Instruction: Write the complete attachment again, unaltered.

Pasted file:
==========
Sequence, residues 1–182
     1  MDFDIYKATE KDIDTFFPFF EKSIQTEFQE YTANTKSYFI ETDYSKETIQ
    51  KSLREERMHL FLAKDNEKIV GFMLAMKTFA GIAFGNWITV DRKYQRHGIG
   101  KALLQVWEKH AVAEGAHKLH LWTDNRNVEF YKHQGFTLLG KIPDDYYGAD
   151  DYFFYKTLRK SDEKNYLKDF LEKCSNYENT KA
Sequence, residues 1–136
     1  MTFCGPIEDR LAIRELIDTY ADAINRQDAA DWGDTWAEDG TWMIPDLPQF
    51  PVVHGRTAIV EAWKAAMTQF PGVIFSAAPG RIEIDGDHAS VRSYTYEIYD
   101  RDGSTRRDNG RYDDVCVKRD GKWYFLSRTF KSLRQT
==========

Sequence, residues 1–182
     1  MDFDIYKATE KDIDTFFPFF EKSIQTEFQE YTANTKSYFI ETDYSKETIQ
    51  KSLREERMHL FLAKDNEKIV GFMLAMKTFA GIAFGNWITV DRKYQRHGIG
   101  KALLQVWEKH AVAEGAHKLH LWTDNRNVEF YKHQGFTLLG KIPDDYYGAD
   151  DYFFYKTLRK SDEKNYLKDF LEKCSNYENT KA
Sequence, residues 1–136
     1  MTFCGPIEDR LAIRELIDTY ADAINRQDAA DWGDTWAEDG TWMIPDLPQF
    51  PVVHGRTAIV EAWKAAMTQF PGVIFSAAPG RIEIDGDHAS VRSYTYEIYD
   101  RDGSTRRDNG RYDDVCVKRD GKWYFLSRTF KSLRQT